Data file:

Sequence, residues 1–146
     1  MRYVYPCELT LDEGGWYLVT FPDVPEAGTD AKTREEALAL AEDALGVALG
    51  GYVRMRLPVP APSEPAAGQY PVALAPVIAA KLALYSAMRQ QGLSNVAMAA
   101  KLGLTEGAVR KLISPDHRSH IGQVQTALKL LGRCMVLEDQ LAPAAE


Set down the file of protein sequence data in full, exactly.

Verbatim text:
Sequence, residues 1–146
     1  MRYVYPCELT LDEGGWYLVT FPDVPEAGTD AKTREEALAL AEDALGVALG
    51  GYVRMRLPVP APSEPAAGQY PVALAPVIAA KLALYSAMRQ QGLSNVAMAA
   101  KLGLTEGAVR KLISPDHRSH IGQVQTALKL LGRCMVLEDQ LAPAAE